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Phylogenetic Shadowing. Daniel L. Ong. Abstract. The human genome contains about 3 billion base pairs! Algorithms to analyze these sequences must be linear to be tractable Finding genes is important to Molecular Biologists, first step to understanding. Outline. Introduction Alignments

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Phylogenetic shadowing

Phylogenetic Shadowing

Daniel L. Ong


Abstract
Abstract

  • The human genome contains about 3 billion base pairs!

  • Algorithms to analyze these sequences must be linear to be tractable

  • Finding genes is important to Molecular Biologists, first step to understanding

RUGS, UC Berkeley


Outline
Outline

  • Introduction

  • Alignments

  • Phylogenetic trees

  • Sequence models

    • Example: mRNA and scRNA models

  • Conclusions

RUGS, UC Berkeley


Introduction to biosequences
Introduction to Biosequences

  • 4 nucleotides: A matches T; G matches C

    • In RNA, U replaces T

  • The NIH GenBank has 188 GB of sequence data; UC Santa Cruz has another 128 GB

  • The central dogma:

http://web.mit.edu/esgbio/www/dogma/dogma.html

RUGS, UC Berkeley


Alignments

  • Alignment: given two sequences, insert gaps or allow mismatches in input sequences to minimize a cost function

    • Similar to edit distance

    • Generalizes to n sequences

  • Exploited to predict genes

    • Greater similarity in protein-coding genes

    • Mutated as a pair in structural RNA genes

RUGS, UC Berkeley

http://hanuman.math.berkeley.edu/kbrowser (Chakrabarti & Pachter, 2004)


Multiple alignment
Multiple alignment

  • Considering multiple sequences allows us to leverage the comparative genomics paradigm

    • Functionally important regions of the genome are more likely to be conserved across species

    • The converse is also true

  • Genomes should be closely related

    • About 5-7 species of a family (Boffelli, et. al. 2003)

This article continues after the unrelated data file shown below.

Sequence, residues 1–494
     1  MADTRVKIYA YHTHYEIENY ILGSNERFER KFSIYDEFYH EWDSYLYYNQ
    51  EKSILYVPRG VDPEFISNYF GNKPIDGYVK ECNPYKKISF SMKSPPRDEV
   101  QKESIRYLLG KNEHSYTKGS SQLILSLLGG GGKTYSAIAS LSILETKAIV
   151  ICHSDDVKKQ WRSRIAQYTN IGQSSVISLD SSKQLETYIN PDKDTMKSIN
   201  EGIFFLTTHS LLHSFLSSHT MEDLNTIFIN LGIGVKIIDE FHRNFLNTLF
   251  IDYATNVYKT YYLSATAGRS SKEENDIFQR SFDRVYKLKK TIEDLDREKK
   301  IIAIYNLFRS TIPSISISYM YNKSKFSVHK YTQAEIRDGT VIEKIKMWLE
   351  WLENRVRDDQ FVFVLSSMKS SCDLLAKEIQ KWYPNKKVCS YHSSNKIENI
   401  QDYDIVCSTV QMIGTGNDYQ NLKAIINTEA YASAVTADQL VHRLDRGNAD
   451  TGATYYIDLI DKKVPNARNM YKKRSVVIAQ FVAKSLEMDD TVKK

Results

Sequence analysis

• Additional genomes increase sensitivity (true positives) and decrease specificity (true negatives)

RUGS, UC Berkeley


Phylogenetic trees

[Durbin, et. al., 1998]

Phylogenetic Trees

  • Use directed binary tree to track the relationships between organisms

  • Each node represents the nucleotide at a particular position in an aligned sequence

    • Current organisms are leaves of tree (observed)

    • Internal nodes are the common ancestor (unobserved)

  • Edges are speciation events and represent “evolutionary distance” as an extra parameter

  • Assume each nucleotide evolves independently (site independent evolution)

RUGS, UC Berkeley


Phylogenetic Tree

  • Site independent model computes probability of independent columns

    • Used for protein-coding genes

  • Pairwise site dependent model computes probability of base-paired columns

    • Used for scRNA genes

Marty Yanofsky

http://www-biology.ucsd.edu/labs/yanofsky/images/mads/phylogenetic%20tree.jpg

RUGS, UC Berkeley


How to find a phylogenetic tree
How to find a Phylogenetic Tree?

  • Given n sequences, we want to find the correct tree topology

    • Search works for small n

    • Maximum likelihood: choose the tree that maximizes the probability of the alignment

RUGS, UC Berkeley


Biosequence analysis
Biosequence analysis